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3 Reasons to Sell Sterling vs. New Zealand Dollar: Lazytrader's Colville

Pound / NZ Dollar

- GBP/NZD formed a bearish pin-bar last week

- This could mark a turnaround in the pair

- Fibonacci and relative interest rates also bearish

The Pound-to-New Zealand Dollar exchange rate has turned bearish, and the technical set-up suggests deep declines are possible in the month’s ahead, according to Robert Colville, trading mentor, trader and founder of Lazytrader, a CPD-accredited forex trader training programme.

GBP/NZD surged higher last week, reaching a peak just above NZ$2.00 to the Pound, following the Reserve Bank of New Zealand’s (RBNZ) decision to lower interest rates by 0.25% to 1.5% citing domestic and global headwinds as rationale.

However, the flash higher proved short-lived as markets appear to have largely priced in the cut and were looking for concrete signs that further rate cuts were likely over coming months.

The message from the RBNZ was a wait-and-see stance would be adopted.

The pair lost ground during the remainder of the week and as cross-party Brexit talks hit a brick wall the losses accelerated.

The resulting chart pattern formed by the roller coaster volatility was a bearish pin-bar reversal pattern which is a long bar with a short body ('body' is the space between open and close) in the lower half, much like a shooting star Japanese candlestick pattern.

GBP to NZD pinbar

“Last week closed as a bearish pin-bar reversal which is a sign we are eventually going to go down, and we have a number of clues that support this,” says Colville, adding that although this is a major bearish sign it is only one piece of evidence for the bearish case. “Frankly a bearish pin-bar reversal is not enough on its own.”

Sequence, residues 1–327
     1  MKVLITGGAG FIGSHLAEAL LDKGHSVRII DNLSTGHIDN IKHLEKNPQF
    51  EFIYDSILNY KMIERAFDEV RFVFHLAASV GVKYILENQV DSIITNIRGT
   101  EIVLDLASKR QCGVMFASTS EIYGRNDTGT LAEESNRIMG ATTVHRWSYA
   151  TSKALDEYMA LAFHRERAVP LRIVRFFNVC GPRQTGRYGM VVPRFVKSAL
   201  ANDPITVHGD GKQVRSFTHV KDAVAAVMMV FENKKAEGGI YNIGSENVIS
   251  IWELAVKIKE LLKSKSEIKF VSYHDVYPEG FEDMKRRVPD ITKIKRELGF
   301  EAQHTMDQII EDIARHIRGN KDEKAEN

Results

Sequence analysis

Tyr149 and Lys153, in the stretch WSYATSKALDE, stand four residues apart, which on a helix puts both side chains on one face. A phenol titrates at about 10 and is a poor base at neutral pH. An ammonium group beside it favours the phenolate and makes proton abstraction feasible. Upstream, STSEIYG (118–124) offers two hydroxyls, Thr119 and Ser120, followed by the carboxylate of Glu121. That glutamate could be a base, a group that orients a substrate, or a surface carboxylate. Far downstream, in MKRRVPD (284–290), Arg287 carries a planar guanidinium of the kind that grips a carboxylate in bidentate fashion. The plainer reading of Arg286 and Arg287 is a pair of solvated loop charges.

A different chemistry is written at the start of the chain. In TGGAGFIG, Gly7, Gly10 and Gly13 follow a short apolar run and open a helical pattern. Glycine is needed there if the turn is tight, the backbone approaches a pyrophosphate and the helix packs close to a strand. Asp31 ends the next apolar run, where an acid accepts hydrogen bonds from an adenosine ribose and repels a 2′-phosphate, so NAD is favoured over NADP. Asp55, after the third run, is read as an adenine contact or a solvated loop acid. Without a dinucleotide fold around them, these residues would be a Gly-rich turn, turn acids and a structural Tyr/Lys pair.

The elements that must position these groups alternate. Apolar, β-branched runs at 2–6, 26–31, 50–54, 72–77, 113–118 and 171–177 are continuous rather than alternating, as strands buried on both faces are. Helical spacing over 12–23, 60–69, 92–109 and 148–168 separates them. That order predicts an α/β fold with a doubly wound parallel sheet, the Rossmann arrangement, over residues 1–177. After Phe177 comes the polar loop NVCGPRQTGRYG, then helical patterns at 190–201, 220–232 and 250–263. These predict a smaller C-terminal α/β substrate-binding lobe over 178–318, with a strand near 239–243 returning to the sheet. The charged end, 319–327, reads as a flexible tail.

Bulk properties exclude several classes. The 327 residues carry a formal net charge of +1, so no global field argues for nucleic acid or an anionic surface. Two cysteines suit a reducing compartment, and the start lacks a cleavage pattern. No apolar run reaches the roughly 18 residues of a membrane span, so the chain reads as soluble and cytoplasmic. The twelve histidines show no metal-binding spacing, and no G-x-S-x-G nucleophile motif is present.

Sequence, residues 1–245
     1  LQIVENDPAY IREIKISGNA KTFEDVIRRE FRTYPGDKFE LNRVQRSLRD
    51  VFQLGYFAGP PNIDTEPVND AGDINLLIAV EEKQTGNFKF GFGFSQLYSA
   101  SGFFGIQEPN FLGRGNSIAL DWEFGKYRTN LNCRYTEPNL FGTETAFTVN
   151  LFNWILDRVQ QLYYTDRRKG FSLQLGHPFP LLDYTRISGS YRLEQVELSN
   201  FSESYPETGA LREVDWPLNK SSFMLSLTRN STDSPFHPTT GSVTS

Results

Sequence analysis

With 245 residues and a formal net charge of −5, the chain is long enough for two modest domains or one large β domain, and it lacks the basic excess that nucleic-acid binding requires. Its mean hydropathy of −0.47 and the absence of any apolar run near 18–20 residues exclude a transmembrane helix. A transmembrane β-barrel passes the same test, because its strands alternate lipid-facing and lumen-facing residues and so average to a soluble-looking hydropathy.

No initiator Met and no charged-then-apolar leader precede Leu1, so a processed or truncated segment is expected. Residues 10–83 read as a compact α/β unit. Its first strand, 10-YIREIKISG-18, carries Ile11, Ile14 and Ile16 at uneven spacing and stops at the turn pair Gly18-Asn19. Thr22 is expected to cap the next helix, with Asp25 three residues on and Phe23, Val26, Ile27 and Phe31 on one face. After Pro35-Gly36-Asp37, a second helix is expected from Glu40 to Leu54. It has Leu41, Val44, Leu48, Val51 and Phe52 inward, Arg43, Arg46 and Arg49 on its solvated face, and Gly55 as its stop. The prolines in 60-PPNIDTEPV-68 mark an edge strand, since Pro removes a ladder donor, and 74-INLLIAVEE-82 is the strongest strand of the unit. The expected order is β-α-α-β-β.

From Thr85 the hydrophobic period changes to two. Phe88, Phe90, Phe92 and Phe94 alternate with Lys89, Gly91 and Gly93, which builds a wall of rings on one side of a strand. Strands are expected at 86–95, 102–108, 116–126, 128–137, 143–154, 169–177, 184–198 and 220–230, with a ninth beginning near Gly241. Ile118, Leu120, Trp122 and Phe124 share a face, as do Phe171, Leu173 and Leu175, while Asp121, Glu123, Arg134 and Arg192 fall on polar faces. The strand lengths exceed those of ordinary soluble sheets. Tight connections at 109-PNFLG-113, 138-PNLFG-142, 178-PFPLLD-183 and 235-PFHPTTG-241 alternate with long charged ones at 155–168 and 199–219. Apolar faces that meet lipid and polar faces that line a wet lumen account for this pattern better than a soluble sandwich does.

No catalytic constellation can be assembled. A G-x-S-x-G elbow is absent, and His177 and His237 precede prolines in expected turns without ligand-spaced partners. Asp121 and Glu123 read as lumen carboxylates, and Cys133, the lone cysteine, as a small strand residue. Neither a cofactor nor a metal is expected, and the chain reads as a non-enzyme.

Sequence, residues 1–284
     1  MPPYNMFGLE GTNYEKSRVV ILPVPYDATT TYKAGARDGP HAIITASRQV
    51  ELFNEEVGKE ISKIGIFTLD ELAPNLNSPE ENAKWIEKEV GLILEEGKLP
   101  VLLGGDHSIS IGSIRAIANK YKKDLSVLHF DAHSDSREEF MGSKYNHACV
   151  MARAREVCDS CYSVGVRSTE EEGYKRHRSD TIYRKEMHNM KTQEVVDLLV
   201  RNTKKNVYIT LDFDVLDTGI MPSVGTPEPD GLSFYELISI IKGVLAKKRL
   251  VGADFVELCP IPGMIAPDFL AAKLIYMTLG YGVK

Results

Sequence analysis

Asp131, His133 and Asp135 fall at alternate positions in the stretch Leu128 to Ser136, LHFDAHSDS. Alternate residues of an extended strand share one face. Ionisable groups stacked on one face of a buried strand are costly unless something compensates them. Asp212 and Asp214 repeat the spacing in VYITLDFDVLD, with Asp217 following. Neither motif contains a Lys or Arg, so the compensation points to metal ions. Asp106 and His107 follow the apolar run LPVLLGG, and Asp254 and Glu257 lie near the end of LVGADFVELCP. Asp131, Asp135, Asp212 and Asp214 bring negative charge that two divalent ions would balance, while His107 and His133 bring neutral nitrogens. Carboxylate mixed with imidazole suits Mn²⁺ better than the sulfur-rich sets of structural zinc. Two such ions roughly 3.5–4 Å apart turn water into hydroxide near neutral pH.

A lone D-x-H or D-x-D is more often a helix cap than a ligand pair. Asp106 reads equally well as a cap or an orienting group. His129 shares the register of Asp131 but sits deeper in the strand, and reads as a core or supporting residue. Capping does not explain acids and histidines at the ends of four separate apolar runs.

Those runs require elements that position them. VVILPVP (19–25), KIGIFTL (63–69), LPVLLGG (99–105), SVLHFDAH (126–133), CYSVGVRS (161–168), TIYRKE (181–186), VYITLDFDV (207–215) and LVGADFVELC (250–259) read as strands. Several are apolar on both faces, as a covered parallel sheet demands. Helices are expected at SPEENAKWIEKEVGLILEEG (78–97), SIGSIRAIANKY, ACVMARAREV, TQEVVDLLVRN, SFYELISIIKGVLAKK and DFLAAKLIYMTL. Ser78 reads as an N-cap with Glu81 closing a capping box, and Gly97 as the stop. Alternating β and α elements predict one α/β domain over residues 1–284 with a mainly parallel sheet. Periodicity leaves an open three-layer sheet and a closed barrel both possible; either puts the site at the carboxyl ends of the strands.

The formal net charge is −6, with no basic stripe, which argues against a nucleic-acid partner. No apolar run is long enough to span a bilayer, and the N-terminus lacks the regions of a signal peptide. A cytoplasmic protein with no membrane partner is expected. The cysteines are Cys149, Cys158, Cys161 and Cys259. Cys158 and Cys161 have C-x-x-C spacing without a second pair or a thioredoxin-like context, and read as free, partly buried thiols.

GBP to NZD

But it is backed up by other evidence: the next major bearish sign is that the recovery since December 2018 has now risen up and “just kissed the 0.382 Fibonacci retracement”, a key resistance level on the chart.

The 0.382 Fibonacci level is the 38.2% retracement from the long market decline between 2015-18 expressed as a ratio. It is one of a handful of certain retracements including the 61.8%, 50.0% and 78.6% which are said to have support and resistance properties because they relate to the Fibonacci ratio, a mathematical constant which defines a series of numbers by addition of the previous two integers.

The 0.382 ratio is especially potent as a resistance level since it has past form, it has already successfully rejected the exchange on two out of the three previous meetings, once in the autumn of 2017 and the other time in the summer of 2018. The fact it has defended two out of the three previous challenges is a sign it will probably be successful again.

GBP to NZD fib

A further sign the pair will probably decline is provided by the patterning of the price action since the rise from off the December 2018 market lows. The rally has formed a bearish ABCD or Gartley pattern according to Colville.

ABCD’s are like large zig-zags in which wave’s A-B and C-D are generally either of a similar length or a length determined by the a Fibonacci extension. In this case C-D has extended the length of A-B by a Fibonacci ratio of 1.272. This suggests the pattern is complete and the market is ready to turn and decline.

Colville sites a fundamental reason for the decline as the interest rate differential between the United Kingdom, where interest rates are only 0.75% and New Zealand where they are 1.5%. This means investors purchasing the Kiwi gain an automatic 0.75% profit simply from holding the currency. The incentive is a reason to expect greater Kiwi buying.

From a seasonal basis, June and July also tend to be months in which GBP is often weaker than NZD.

A break above last week’s high at 2.0003 would negate the bearish trade idea and is a suggested stop loss level for the pair.

Potential downside targets include 1.9335, based on a risk reward of 1:1; then the 1.8140 lows of 2018, and possibly even the 1.6400 lows of 2016.

Downside confirmation has already been provided by the break below last week's lows.

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